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Can I make repairs to my building in a conservation area?

If you are planning to make repairs or alterations to a building in a conservation area, the first thing to do is contact the local planning authority (LPA). The LPA will be able to provide information including when the conservation area was created, how far it extends, the reason for its creation and level of legal protection it has in place.

Understanding more about living in a conservation area

Living in a conservation area means some extra planning controls and considerations. These exist to protect the historic and architectural elements which make the place special. They are most likely to affect owners who want to work on the outside of their building or any trees on their property boundary.

Conservation rules regarding repairs

Properties in a conservation area may be affected by special controls (called ‘Article 4 Directions’).

These restrict work that can normally be done without planning permission such as replacing a door or window or altering gutters and downpipes.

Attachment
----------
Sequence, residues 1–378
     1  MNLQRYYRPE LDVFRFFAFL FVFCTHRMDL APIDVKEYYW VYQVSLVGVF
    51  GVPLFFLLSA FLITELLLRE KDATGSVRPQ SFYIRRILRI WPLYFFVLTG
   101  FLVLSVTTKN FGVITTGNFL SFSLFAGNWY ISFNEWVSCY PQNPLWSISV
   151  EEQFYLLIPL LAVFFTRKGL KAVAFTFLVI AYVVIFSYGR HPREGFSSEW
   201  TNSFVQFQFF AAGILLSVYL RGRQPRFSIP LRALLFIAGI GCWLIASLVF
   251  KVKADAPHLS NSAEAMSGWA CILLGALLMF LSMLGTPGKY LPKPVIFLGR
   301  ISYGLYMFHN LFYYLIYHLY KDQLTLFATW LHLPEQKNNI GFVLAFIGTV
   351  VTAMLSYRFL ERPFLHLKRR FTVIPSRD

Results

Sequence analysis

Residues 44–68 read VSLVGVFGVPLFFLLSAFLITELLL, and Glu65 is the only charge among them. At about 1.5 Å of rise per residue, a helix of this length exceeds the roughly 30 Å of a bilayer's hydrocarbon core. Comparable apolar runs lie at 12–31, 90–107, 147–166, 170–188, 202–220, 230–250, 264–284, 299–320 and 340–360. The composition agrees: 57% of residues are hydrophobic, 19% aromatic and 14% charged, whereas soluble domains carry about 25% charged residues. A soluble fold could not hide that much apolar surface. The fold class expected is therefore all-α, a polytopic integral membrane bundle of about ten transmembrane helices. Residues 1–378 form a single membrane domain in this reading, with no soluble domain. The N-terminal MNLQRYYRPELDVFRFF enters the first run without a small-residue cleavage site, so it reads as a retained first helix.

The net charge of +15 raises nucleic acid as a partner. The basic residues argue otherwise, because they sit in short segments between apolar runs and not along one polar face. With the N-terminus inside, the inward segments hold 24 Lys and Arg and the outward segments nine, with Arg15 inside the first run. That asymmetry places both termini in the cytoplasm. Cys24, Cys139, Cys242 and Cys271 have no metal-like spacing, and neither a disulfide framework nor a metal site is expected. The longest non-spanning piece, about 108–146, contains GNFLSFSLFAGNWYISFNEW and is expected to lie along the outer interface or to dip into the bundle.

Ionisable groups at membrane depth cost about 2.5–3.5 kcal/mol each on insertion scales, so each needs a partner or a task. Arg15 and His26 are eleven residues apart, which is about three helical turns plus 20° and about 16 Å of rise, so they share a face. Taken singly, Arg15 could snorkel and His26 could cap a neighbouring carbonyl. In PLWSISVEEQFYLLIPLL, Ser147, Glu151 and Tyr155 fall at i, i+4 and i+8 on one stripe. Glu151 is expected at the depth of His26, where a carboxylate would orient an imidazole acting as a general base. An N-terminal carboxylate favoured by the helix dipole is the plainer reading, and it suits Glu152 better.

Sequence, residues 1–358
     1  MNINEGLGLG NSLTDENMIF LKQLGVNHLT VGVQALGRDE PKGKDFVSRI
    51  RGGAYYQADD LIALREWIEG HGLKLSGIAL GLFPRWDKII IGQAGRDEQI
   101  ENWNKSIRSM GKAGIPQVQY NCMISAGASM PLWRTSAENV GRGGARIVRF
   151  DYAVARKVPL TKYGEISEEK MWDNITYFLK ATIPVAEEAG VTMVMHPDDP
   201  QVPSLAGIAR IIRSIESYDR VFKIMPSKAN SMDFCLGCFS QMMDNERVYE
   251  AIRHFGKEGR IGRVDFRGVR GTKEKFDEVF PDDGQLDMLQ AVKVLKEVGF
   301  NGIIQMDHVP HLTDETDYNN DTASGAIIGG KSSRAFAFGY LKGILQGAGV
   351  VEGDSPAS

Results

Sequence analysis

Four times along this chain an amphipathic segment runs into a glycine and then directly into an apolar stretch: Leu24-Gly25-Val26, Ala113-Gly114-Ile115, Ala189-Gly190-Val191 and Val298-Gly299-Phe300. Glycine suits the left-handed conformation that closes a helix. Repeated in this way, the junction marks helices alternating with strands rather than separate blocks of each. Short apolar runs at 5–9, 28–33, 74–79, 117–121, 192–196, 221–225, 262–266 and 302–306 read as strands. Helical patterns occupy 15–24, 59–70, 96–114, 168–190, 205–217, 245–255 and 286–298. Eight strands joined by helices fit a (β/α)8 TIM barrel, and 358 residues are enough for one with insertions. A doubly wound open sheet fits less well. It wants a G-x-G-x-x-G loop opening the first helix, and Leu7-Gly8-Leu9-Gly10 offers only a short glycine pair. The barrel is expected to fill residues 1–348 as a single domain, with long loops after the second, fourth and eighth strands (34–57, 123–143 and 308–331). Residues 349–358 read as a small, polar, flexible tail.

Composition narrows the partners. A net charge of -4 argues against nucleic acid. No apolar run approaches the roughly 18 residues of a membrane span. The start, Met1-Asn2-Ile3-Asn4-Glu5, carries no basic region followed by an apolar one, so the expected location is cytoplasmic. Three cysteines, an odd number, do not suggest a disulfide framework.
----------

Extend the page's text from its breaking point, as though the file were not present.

These controls are tailored to each area by the local council and are put in place when particular elements of local historical buildings or buildings of architectural importance are to be protected.

Contacting the local authority will identify to whether this statement made under the Town and Country Planning Acts applies to your property and planned repairs. Seeking advice will give a clearer indication of what can and can’t be done within a building in a conservation area.

Permitted development for other buildings

Permitted development (PD) rights are slightly different in conservation areas compared to other areas. This means that you need to make planning applications for some forms of development which would not need such applications outside conservation areas.

For example:

  • Detailed residential changes like two-storey extensions, dormer windows and stone cladding
  • Extensions to retail premises (increases to floorspace; the appearance should match the existing; limitations to click and collect facilities etc.)
  • Industrial and warehouse buildings (increases to floorspace)
  • Controls on materials for buildings on the site of a school, college, university or hospital
  • Limitations on change of use such as retail or agricultural to dwelling house.

This answer is a guide only. Jones Melling has a team of specialists who can advise you on the best course of action regarding your property.

Stephen Timothy | Jones Melling

Author

Stephen Timothy

stephentimothy@jonesmelling.co.uk

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